HERE was a dilemma: I’ve been banging on in these pages about how brilliant 84 Charing CrossRoad was going to
HERE was a dilemma: I’ve been banging on in these pages about how brilliant 84 Charing CrossRoad was going to be. Then I had to review it.
Supposing, after all that hype, it was no good; what would I do then? Forget I went? Accidentally email my review to the wrong address?
No need. It’s good and my integrity as a reviewer remains intact. Actually, it’s not just good, not just very good, but very good indeed.
Well, I would say that, wouldn’t I, I’ve been doing the show’s publicity — but one of the reasons for that was because I knew the play’s and this production’s track record. It didn’t clean up NODA awards for nothing — they don’t come easy, as I know to my own cost.
So here it is at the Kenton with Suri Poulos and Richard Ward taking up the roles they did so well in last year in Chesham. This show has pace, energy and commitment, it never flags and that’s down to some imaginative direction from Mike Consden but mostly to the skilful way the play swaps between two sides of the Atlantic.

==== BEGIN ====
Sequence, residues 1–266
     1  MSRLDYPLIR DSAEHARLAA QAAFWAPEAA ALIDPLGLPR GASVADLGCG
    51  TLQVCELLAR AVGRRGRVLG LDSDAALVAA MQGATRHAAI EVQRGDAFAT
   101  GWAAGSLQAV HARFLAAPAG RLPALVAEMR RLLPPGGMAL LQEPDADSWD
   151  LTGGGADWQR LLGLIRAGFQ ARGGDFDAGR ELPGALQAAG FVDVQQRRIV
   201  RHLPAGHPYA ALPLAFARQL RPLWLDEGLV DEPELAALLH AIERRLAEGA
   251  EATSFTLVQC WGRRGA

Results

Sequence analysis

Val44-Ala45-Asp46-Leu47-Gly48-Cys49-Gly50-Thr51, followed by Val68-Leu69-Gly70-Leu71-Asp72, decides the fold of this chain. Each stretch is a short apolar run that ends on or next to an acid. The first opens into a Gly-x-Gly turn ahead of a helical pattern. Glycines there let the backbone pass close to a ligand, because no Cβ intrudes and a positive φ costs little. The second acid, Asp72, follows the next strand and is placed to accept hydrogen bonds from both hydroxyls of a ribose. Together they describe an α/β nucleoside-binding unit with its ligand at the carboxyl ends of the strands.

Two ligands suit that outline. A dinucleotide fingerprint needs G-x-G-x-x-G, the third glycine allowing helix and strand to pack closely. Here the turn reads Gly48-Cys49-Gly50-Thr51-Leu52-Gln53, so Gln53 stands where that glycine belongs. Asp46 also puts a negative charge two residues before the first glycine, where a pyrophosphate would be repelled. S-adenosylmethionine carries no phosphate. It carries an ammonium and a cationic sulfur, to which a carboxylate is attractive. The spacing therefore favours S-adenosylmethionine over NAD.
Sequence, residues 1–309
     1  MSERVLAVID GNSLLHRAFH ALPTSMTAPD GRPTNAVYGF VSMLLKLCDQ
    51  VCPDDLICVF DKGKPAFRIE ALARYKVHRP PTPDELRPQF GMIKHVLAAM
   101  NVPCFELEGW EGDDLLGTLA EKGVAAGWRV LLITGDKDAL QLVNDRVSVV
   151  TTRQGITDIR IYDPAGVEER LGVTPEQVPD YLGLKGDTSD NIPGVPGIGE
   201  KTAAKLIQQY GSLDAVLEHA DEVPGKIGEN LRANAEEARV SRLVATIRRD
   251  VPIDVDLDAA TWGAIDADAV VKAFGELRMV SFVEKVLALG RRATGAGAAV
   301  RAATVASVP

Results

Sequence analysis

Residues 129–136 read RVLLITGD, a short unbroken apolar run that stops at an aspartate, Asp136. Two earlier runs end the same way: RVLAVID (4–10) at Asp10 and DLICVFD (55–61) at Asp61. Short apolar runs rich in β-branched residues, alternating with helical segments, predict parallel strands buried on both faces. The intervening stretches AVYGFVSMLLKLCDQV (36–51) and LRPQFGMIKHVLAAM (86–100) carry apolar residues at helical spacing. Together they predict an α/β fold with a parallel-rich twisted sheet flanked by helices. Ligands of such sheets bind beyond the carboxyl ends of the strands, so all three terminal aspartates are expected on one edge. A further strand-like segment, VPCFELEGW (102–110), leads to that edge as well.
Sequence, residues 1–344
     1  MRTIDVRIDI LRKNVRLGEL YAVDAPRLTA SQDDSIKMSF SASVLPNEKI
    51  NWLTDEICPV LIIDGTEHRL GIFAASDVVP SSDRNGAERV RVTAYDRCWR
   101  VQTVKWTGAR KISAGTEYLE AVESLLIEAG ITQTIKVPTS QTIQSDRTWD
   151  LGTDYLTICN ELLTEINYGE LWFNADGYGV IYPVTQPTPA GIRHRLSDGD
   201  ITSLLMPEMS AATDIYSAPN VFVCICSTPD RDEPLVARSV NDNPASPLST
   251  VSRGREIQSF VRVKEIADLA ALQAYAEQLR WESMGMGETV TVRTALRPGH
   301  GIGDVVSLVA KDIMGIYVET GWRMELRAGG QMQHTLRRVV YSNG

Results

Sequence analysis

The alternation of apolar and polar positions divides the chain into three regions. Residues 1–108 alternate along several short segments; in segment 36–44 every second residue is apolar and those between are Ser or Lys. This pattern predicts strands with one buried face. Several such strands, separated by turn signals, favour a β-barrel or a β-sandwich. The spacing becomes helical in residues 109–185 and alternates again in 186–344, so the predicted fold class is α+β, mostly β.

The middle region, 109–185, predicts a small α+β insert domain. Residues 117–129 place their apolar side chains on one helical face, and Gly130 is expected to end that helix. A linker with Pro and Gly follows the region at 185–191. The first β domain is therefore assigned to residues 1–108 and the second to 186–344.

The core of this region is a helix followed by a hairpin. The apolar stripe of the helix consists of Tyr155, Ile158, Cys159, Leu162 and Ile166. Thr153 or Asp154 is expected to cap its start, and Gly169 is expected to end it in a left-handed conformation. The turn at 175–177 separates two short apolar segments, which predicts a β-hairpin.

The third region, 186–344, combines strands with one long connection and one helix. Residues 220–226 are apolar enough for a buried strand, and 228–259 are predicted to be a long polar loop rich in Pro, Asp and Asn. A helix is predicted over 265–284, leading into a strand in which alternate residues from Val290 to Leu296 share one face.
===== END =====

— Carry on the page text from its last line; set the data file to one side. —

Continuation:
From skittish, capricious Helene Hanff in New York, a screenwriter who prefers to get her books from a specialist store in London rather than New York, to upright English gentleman Frank Doel and his staff in that store in WC2.
The script is entirely the texts of letters sent between the two but brought to life in such an animated way that they might as well be talking to each other directly.
The split set is perhaps rather busy and the lighting could do with being better balanced to illuminate actions and reactions. But these are trifling matters set against the delivery of the actors who make this such a treat.
Suri Poulos, a native Texan, delivers the neurotic, kind-hearted Helen Hanff to us with a dynamic range which sees her switching in a split-second from playful, to furious, thoughtful and ultimately to caring. It’s a performance from the top drawer.
Richard Ward is the reserved Englishman who has to age before us over 20 years in a way that Helene is spared. The correspondence starts with book transactions but develops over the years to first name terms.
There are honourable mentions also for Caroline Hopkins’ cameo as a visiting American friend to the store, and Ewa Jackson’s and Judy Consden’s excitable bookshop staff. Yes, it’s worth the effort — thank goodness.